Auditory Processing: The Secret Behind Why Your Child may not Follow Instructions
Integrated Learning Strategies (ILS) is a learning and academic center. As a reminder, ILS is not a health care provider and none of our materials or services provide a diagnosis or treatment of a specific condition or learning challenge you may see in your child or student. If you seek a diagnosis or treatment for your child or student, please contact a trained professional who can provide an evaluation of the child.
As a mom, it’s easy to feel ignored. That pair of shoes you asked your child to put away is still in the middle of the living room floor. They ask you where their favorite shirt is when it was on top of the pile of clothes you handed to them and told them to put in their drawers. Or my personal favorite, they pop open that package of candy not even a full minute after you said no. I was a kid once and I’m woman enough to admit that I did my fair share of pretending not to hear my parents (don’t tell my kids). But that also means I know there were plenty of times I was just so wrapped up in my own thoughts that I wasn’t paying attention. I think for most cases, the latter is probably true and we can even tack on good intentions. They probably meant to follow through with your instructions, but another opportunity arose much more appealing than taking out the garbage and they forgot to come back later. But for some kids the lack of listening or following through on instructions is a little more complicated than that.
Kids with Auditory Processing Disorders (ADP) experience a breakdown between what the ear hears and what the brain processes. ADP can result in difficulty understanding spoken language and then later recalling what they heard. Children with this, many sometimes struggle with background noise or loud sounds. And although they ask what and huh all the time, they don’t have a hearing problem.
The meaning of sounds just don’t quite compute the way they’re supposed to. You may ask, “Will you please help with the dishes?” But what they heard was “did you see the fishes?” This is frustrating for both parent and child. And honestly, how can you tell if you’re being ignored or if your child has some form of ADP? Well we’re here to help with some signs you can look for.
Signs of ADP
- Doesn’t like being read to. It’s easy to see how an activity that most children love can be a pain to a child that has difficulty processing spoken words and sounds. The magic of the story is lost in the lack of comprehension.
- Doesn’t like to read, especially as they get older into Jr. high and high school. A lot of kids can find at least a book or series they enjoy as they get older, but that’s not usually the case with ADP kids.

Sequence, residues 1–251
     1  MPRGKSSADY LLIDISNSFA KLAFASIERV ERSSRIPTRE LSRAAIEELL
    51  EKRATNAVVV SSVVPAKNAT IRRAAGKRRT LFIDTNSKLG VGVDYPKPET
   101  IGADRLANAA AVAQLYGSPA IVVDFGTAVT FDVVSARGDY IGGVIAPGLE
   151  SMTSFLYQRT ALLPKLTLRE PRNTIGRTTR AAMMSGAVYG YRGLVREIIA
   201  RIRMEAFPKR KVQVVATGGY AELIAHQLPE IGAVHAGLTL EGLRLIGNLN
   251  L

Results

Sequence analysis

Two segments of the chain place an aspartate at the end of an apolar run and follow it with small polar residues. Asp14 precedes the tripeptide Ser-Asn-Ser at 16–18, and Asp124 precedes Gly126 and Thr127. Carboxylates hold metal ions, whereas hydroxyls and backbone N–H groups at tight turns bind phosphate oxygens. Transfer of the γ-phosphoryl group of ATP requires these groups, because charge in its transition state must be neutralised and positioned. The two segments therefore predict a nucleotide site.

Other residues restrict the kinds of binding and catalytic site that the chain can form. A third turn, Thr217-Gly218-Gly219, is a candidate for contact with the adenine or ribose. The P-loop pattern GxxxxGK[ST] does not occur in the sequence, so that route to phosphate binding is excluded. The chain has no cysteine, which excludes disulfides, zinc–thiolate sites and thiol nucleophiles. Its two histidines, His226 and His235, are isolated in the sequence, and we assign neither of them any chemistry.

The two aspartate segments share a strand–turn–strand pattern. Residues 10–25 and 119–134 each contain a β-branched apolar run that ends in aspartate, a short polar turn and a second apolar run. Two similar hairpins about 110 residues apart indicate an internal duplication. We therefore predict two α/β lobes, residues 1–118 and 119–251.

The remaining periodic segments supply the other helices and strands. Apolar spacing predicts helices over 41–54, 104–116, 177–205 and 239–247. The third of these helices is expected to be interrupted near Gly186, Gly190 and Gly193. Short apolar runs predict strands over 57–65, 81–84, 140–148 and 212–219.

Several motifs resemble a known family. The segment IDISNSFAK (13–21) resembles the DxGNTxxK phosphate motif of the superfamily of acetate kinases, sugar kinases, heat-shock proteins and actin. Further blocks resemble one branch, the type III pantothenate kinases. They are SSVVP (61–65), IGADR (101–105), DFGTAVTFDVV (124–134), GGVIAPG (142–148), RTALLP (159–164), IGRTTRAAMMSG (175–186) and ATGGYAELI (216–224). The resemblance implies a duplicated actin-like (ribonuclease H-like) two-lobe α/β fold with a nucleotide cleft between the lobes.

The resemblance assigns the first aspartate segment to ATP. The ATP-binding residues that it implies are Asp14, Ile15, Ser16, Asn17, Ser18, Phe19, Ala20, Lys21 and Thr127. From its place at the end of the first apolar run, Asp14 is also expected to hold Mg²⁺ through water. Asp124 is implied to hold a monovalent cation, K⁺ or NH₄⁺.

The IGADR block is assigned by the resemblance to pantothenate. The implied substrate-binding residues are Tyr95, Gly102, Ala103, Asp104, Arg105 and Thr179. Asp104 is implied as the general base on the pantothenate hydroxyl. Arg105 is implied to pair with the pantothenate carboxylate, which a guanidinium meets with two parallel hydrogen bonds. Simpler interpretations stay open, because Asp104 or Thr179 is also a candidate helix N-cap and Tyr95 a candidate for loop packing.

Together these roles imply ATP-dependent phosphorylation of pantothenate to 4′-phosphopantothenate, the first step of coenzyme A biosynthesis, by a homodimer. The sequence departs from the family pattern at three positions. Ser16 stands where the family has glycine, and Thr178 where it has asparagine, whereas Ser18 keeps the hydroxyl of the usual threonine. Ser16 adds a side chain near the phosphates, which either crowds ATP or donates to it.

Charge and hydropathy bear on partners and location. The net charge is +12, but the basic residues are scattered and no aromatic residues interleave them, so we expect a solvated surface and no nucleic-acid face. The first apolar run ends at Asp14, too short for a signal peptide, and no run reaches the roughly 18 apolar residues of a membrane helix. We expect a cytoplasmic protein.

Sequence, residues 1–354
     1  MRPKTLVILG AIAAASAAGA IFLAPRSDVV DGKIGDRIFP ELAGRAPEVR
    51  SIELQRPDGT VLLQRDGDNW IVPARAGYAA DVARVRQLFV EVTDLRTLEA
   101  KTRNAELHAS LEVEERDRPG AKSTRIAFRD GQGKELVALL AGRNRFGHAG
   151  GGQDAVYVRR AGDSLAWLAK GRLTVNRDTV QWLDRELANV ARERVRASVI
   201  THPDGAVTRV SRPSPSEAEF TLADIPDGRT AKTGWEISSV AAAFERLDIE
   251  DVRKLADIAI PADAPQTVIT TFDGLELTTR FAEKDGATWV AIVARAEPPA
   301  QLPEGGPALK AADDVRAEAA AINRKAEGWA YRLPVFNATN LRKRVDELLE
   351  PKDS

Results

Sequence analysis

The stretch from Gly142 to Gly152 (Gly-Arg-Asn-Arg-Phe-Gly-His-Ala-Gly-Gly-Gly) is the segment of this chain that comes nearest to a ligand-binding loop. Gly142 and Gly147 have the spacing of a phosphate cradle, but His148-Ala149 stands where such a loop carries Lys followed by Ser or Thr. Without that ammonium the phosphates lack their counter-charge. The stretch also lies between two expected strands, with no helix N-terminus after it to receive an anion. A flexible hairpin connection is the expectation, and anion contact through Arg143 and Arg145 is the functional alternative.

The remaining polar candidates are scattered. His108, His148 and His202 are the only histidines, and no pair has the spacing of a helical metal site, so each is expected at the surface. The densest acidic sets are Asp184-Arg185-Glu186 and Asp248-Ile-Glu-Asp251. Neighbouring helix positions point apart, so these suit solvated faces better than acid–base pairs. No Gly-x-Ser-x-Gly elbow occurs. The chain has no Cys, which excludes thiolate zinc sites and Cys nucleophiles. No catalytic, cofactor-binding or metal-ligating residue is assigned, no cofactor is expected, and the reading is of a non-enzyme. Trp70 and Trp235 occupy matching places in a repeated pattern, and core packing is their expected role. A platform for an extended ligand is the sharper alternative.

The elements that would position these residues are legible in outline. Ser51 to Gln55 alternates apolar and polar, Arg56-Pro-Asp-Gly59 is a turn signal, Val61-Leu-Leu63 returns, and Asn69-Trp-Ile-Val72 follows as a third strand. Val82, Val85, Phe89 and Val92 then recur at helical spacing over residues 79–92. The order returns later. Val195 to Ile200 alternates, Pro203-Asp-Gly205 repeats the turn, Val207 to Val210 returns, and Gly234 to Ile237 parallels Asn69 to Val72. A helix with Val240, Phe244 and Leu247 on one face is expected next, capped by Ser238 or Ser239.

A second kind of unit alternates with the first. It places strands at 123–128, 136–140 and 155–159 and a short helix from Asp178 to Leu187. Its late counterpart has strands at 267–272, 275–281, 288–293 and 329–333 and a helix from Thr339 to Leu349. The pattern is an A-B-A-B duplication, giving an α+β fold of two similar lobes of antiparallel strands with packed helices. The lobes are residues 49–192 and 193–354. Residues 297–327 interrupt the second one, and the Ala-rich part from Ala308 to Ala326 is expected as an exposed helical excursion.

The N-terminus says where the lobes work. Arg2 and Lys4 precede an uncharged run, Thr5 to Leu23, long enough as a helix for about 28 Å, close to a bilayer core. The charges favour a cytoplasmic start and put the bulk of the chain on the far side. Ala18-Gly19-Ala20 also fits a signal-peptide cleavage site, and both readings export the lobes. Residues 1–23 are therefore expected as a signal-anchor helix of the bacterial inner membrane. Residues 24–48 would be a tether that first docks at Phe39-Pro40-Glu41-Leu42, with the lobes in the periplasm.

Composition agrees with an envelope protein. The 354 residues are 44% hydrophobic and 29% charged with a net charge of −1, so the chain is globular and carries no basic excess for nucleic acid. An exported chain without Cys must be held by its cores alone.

- Struggling to process what they hear. Many times you can tell they’re trying to understand, but it’s just not quite sinking in.
- Understands written language better than spoken language.
- Can’t sit still while listening to teachers or story time. It’s hard to stay focused when they can’t process what’s going on well enough to hold their attention.
- Bothered by noises like the vacuum or even small sounds like tapping pencils. This comes from a hypersensitivity to sound and the inability to handle background noises.
- Hears but doesn’t listen. For example, your child tells you they’re going out to play. You say “no” and they say “ok, I’ll see you later” and walk out the door anyway.
- Speech delays. When it’s hard to distinguish and make sense of sounds, it’s hard to speak correctly. For example a child might turn “throw” into “frow” and so on.
- Struggles to have normal conversations with friends and classmates.
- Trouble recalling sounds in music or learning an instrument. The difficulty with processing extends past the inability to understand words and creates problems with sounds in general.
- Struggles with letters, spelling and words. Much of learning literacy requires the ability to process sounds. Without the ability to distinguish between “t” and “d” or other similar sounding letters, learning is going to become difficult quickly. This is often confused with dyslexia.
- Doesn’t understand puns or jokes. These require catching slight differences in words or in emphasis, which is difficult with ADP.
Processing sounds is a huge part of life. When this becomes difficult, so do so many other tasks. Luckily, if your child shows any of these signs, there are lots of programs and intervention out there to help.
Integrated Learning Strategies is a Utah-based center dedicated to helping mainstream children and children with learning disabilities achieve academic success. Our services provide kids with non-traditional tutoring programs within the Davis County, Kaysville, Layton, Syracuse, Farmington, and Centerville areas. Areas to find Integrated Learning Strategies include: Reading tutors in Kaysville, Math tutors in Kaysville, Common Core Tutors in Kaysville, Tutors in Utah, Utah Tutoring Programs
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